The calendar summer officially begins this Sunday /June 21, 2009@ 146 AM/ and it’s also Father’s Day (so we’ll try for some pleasant weather). Look for high temperatures on this first official day of summer to actually be around normal /upper 70s to lower 80s/. Many people probably have been wondering since the beginning of June (a summer month), where’s our summer weather? With just a hand full of 80s this year and none, I might add this June thus far, is it ever going to warm up? The average temperature through mid June /16th/ at Detroit is a cool 62.9 /-4.5/. Flint is worse at 59.8 /-4.8/ while Saginaw sits at 60.1 /-5.1/. If these numbers were to remain constant through the end of the month, this would be the second coldest June on record at Detroit and the coldest June recorded at Flint and Saginaw. Of course this shouldn’t happen since just climatologically, the second half of June is typically warmer than the first but more to the point meteorologically, things (temperatures) are looking up! I discussed this and other analogue Junes a few weeks ago in our Summer Outlook ;
“The stubbornness of the trough in Canada this spring along with some of the cold June’s found gives a little more credence to the warmer temperatures mid‐late season. Also, our recent guidance is hinting at a warm‐up toward the middle of June and thus, it looks as though the middle of June hopefully should begin our summer‐like weather. This not only was that seen in some of our recent analogue Junes but it also showed up on the composite trend for June, where temperatures actually averaged above normal.”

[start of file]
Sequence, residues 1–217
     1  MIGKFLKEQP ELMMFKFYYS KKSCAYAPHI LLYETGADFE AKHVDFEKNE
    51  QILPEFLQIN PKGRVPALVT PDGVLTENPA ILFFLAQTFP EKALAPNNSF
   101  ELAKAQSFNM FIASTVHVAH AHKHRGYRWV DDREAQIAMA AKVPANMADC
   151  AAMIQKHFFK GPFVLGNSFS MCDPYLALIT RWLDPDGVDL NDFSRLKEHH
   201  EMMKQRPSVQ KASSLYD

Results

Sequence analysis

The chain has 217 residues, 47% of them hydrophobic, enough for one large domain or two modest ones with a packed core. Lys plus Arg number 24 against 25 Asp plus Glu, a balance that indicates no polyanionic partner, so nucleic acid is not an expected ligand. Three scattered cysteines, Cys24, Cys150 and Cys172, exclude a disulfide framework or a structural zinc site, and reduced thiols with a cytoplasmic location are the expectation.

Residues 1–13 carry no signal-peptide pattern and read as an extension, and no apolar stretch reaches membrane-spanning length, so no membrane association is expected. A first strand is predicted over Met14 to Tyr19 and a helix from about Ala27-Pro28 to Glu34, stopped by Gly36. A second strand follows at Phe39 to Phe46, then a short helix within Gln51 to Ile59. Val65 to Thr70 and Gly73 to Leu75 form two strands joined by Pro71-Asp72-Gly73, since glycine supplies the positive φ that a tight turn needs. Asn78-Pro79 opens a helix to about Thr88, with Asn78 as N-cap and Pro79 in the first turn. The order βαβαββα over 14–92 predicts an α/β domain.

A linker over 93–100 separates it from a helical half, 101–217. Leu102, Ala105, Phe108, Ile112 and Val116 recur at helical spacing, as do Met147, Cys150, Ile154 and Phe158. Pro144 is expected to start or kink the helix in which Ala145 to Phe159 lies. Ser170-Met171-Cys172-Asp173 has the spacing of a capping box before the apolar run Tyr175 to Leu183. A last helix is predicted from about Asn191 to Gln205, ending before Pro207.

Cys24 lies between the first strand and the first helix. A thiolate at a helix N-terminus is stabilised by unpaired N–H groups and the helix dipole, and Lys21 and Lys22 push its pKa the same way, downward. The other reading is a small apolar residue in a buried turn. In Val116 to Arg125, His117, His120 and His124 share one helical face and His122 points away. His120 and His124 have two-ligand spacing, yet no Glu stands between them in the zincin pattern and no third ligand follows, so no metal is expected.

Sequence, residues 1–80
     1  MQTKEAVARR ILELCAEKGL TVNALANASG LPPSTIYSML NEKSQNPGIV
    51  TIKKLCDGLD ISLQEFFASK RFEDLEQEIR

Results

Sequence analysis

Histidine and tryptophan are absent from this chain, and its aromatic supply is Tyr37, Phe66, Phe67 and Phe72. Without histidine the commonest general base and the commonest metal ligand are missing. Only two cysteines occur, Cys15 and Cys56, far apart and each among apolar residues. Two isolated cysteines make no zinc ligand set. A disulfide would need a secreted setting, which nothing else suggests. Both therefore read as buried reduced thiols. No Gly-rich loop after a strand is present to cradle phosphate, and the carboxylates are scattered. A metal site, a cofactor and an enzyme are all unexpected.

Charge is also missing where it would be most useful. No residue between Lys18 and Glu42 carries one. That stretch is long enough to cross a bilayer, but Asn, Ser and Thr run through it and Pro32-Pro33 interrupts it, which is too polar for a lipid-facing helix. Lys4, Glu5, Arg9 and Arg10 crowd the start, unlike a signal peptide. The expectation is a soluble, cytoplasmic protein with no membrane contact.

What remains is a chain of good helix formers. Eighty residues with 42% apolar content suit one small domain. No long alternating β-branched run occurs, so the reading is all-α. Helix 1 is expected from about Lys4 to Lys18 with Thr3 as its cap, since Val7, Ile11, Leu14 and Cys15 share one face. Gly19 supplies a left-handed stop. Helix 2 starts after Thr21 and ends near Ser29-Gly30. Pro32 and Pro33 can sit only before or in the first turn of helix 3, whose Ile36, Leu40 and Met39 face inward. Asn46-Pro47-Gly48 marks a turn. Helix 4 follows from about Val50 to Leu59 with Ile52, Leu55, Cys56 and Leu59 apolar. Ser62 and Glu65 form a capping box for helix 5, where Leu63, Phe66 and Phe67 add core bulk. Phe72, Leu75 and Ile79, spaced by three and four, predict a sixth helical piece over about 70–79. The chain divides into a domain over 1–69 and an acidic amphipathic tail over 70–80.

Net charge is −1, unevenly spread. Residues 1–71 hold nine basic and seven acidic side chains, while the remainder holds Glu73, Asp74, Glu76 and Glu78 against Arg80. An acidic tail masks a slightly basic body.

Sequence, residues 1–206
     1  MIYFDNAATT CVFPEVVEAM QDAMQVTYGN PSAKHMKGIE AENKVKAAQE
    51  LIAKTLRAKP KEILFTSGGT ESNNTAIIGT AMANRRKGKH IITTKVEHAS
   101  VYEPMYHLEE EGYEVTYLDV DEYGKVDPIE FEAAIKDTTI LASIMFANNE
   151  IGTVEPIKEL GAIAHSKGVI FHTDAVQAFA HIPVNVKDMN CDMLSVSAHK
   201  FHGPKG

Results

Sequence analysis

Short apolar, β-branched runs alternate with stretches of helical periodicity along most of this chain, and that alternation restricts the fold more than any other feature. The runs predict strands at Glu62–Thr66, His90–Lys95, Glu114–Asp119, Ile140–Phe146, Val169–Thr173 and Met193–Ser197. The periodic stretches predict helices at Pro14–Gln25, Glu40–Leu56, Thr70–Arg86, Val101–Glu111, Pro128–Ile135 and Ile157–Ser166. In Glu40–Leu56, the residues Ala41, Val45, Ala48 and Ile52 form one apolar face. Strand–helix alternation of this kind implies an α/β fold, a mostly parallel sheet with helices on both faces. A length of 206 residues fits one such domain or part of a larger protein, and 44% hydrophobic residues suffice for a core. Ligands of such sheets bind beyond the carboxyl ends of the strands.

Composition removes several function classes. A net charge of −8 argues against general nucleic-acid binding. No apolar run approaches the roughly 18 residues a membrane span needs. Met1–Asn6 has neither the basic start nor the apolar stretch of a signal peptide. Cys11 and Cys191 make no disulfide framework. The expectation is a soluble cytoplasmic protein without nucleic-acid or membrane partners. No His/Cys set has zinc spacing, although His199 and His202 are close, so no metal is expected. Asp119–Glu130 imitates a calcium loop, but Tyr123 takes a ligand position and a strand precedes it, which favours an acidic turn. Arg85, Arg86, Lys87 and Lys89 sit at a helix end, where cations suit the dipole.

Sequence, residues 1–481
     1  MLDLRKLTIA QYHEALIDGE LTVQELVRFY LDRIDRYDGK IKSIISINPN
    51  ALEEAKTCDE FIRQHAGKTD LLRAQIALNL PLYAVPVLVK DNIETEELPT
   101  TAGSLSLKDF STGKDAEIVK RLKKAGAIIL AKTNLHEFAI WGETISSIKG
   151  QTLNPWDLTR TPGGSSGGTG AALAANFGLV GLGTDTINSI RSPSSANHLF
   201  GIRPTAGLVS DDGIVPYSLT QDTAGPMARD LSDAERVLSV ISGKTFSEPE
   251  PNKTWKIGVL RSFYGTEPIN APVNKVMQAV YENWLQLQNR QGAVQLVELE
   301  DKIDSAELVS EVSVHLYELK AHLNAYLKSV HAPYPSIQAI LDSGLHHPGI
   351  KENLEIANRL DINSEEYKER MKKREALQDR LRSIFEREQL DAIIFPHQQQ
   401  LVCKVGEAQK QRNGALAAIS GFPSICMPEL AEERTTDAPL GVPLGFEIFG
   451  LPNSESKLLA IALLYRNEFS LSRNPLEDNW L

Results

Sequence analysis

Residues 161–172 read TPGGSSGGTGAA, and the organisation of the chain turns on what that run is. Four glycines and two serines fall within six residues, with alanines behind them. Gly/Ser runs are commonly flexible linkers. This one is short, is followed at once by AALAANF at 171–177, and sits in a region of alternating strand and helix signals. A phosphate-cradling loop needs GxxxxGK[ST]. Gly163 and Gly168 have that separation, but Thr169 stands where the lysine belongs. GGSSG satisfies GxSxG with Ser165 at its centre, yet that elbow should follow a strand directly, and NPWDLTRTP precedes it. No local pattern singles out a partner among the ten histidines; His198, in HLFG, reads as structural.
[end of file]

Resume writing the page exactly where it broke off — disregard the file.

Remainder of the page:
Our latest guidance (500mb upper wind pattern, above) for the 6-10 day (and also the 10-14 day) outlook continues to paint a warmer regime (especially relative to the first half of June) as it has for awhile now. Check out the projected developing upper level ridge of high pressure over the mid part of the country (and mean wind flow) on the map during the second half of the month, while the upper low pressure trough gets booted east and weakens. However, don’t look for the large Canadian upper low (over Northeast Canada) mainly responsible for the cool June thus far, to take a lengthy vacation any time soon. It is expected to remain a key player, albeit somewhat less often, as the summer evolves.